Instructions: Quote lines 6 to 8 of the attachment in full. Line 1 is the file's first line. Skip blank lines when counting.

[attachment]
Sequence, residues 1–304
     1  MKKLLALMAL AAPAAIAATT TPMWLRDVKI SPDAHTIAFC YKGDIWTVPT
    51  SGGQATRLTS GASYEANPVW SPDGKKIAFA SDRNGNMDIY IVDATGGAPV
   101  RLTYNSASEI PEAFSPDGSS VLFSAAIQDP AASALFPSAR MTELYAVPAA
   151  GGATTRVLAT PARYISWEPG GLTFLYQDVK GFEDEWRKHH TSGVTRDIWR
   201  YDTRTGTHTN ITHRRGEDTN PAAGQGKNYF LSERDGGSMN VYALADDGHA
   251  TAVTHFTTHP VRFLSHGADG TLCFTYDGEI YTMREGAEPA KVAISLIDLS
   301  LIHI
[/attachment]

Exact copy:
   201  YDTRTGTHTN ITHRRGEDTN PAAGQGKNYF LSERDGGSMN VYALADDGHA
   251  TAVTHFTTHP VRFLSHGADG TLCFTYDGEI YTMREGAEPA KVAISLIDLS
   301  LIHI